Q&A with Dr. Antoine Türich

Director, product management of hard finishing solutions at Gleason Corporation


What’s significant about Gleason’s new Hard Finishing Cell (HFC) with integrated gear inspection?

The Gleason HFC combines the latest threaded wheel grinding with revolutionary new GRSL gear rolling with integrated laser inspection in a single, fully automated system to finally solve the challenge of random gear inspection that has long existed in high-volume gear production.

What are the drawbacks of conventional, random inspection?

When producing gears in higher volumes for automotive applications, for example, quality control and actual inspection of finished gears is generally performed randomly and on a relatively small sampling. In order to guarantee an almost 100 percent reliability, statistics are used to validate most of the gears produced. Typical measuring characteristics can be represented and statistically evaluated on a Gaussian bell curve. By deliberately narrowing down the tolerances on the actually measured components, it is possible to guarantee compliance with the actually required drawing tolerances with a sufficiently high probability (typically > 99.99 percent).

This method is commonly used for machine and process-capability studies and is recognized worldwide. The machine or process capability values cmk and cpk frequently taken as a basis are usually above 1.67. Statistically, the reject rate is only 0.57 components per 1 million manufactured components, but this means that only about 50 percent of the actually intended drawing tolerances are available as manufacturing tolerances.

For the first time, the Gleason HFC combines the latest threaded wheel grinding with revolutionary new GRSL Gear Rolling System with Integrated Laser Technology in a single system. (Courtesy: Gleason)

How does integration of the GRSL into the HFC improve upon this?

The constantly increasing power density of gears and the growing importance of noise behavior are leading to increasingly tight tolerances. Clearly, the heavy reliance on statistics poses a significant problem for a growing number of gear manufacturers.

Gleason’s new GRSL roller testing device with integrated optical measuring technology opens up a world of new possibilities by reducing measuring time so it can realistically be done within the actual production time. This provides the possibility of up to 100 percent inspection of all manufactured components. Now, there is no need for additional narrowing of tolerances, and the 100 percent inspection of all manufactured components can be accomplished in-process.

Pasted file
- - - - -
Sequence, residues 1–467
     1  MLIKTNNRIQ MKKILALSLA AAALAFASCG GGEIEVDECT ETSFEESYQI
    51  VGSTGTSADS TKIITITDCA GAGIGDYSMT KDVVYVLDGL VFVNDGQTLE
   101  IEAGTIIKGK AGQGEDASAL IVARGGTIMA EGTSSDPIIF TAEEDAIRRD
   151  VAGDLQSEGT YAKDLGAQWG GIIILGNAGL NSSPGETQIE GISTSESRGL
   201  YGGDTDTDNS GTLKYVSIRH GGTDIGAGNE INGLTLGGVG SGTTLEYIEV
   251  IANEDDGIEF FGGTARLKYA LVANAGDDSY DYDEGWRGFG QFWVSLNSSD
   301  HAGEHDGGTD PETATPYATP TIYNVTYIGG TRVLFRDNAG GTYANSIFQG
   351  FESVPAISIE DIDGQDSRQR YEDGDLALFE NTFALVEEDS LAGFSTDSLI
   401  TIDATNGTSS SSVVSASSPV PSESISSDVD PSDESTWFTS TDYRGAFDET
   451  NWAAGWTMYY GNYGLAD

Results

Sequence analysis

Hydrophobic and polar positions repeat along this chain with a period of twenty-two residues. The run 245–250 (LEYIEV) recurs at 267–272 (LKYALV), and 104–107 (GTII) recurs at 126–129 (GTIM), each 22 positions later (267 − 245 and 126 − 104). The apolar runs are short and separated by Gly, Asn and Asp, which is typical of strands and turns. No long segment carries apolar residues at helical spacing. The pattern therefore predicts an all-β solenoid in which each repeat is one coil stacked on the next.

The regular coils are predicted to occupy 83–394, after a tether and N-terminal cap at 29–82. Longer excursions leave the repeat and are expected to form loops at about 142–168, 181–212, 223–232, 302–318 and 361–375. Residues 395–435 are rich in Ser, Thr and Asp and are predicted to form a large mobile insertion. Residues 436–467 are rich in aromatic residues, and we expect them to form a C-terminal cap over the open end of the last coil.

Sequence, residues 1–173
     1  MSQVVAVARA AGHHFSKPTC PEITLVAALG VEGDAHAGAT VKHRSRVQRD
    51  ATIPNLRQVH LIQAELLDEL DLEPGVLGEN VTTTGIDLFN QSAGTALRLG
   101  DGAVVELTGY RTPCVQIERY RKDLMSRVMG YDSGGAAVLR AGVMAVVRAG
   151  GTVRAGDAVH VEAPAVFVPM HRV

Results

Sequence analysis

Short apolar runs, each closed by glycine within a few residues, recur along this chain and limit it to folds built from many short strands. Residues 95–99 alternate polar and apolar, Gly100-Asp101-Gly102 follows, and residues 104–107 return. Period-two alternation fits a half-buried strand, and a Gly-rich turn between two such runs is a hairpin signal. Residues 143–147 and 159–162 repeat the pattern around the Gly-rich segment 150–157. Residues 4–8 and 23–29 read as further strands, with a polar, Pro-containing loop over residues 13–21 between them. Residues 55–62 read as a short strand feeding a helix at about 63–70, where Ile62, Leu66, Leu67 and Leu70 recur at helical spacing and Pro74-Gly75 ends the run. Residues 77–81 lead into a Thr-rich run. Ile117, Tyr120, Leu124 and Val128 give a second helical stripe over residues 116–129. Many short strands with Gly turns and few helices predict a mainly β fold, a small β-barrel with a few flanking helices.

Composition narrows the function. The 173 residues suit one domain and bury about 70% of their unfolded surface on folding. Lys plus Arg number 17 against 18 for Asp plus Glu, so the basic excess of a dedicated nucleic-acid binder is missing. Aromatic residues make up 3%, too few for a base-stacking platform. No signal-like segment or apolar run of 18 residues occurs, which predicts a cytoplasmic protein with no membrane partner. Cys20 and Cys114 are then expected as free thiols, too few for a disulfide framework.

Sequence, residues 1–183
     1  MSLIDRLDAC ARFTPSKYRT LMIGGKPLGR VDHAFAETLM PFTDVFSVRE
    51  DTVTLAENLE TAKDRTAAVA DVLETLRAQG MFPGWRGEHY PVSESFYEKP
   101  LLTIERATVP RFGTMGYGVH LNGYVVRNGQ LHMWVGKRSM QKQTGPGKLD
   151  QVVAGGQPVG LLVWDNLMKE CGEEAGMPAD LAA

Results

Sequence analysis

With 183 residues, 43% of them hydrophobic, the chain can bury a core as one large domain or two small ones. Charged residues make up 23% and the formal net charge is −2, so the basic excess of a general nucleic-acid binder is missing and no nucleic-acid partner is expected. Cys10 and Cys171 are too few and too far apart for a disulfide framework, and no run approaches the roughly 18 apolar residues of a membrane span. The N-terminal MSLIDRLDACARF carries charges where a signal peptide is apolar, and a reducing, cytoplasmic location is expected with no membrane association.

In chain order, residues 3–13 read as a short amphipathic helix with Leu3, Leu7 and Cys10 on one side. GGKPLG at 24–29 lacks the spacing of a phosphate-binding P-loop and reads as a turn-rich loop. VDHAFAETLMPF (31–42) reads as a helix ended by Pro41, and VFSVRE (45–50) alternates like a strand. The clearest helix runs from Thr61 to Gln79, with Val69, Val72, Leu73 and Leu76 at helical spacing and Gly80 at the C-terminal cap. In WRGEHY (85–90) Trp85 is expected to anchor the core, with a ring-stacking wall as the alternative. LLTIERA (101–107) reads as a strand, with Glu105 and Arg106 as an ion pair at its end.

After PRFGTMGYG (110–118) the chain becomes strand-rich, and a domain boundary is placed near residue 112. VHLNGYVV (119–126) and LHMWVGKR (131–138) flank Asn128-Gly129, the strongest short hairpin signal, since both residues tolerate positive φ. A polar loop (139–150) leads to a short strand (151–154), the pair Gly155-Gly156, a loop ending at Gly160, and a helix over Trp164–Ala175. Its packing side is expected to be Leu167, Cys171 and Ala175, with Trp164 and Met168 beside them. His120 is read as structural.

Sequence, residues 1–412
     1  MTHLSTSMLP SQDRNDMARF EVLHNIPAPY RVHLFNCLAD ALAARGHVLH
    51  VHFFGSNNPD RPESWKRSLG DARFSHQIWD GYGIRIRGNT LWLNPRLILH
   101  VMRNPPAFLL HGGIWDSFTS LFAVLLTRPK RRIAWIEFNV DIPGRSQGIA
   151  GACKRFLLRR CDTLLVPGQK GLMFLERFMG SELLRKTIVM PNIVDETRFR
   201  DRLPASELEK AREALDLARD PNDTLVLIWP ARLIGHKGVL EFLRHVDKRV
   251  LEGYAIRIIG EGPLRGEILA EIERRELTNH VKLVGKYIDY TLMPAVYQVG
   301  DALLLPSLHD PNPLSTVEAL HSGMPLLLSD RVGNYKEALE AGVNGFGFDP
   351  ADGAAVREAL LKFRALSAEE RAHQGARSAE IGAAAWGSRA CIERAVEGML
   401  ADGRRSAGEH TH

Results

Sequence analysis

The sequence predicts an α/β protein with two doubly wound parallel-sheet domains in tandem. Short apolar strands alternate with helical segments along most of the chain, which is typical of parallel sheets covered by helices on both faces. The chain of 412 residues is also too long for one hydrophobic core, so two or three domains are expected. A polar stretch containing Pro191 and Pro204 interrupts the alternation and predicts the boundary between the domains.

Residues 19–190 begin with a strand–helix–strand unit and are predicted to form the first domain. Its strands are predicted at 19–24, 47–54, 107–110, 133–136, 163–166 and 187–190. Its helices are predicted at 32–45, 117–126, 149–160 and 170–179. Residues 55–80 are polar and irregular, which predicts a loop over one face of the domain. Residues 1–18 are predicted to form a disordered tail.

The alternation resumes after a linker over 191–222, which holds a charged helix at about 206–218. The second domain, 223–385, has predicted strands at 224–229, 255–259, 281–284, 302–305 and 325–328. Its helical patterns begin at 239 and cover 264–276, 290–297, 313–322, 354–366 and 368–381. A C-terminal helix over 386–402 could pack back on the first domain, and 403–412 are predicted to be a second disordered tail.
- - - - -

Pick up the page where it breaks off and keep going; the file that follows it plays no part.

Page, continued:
How does the HFC inspection capability work in practical application?

HFC is a fully automated system with robot loading that integrates modules for auxiliary processes in order to meet specific customer requirements easily and flexibly. The complete process sequence includes gear grinding, washing, laser marking, measuring, and part handling in a stackable basket system. Finished components to be tested are loaded by robot onto the GRSL. During the gear inspection, a laser scanner is used to measure all gear characteristics, thus, all relevant information for profile, pitch and runout, and, if desired, lead measurement is available. This is done for each tooth and not, as is usually the case, only on four teeth distributed over the circumference.

Deviations are fed back directly into the production machine by means of a closed-correction loop. Both fully automatic correction and real-time adjustment of the corresponding parameters can be achieved. Compare that to the conventional measurement process in the quality lab, where 45 to 60 minutes may well pass between removing the component from the machine and providing the measurement result. With HFC’s in-process inspection and closed loop, the desired correction ensuring optimum quality during the ongoing production process is much faster.

Components whose characteristics lie outside the tolerances are automatically rejected. It is also possible to create extensive trend analyses of individual features and perform further gear noise analysis.

Bottom line, what makes the HFC a must-have machine?

HFC is indeed a highly desirable solution for many industries and applications where consistent high quality is important, such as the production of high-precision eDrive gears with minimal noise characteristics. It’s a single system for fast and high-quality production with up to 100 percent gear inspection — long the dream of many customers, and now, a reality. 

MORE INFO  www.gleason.com/HFC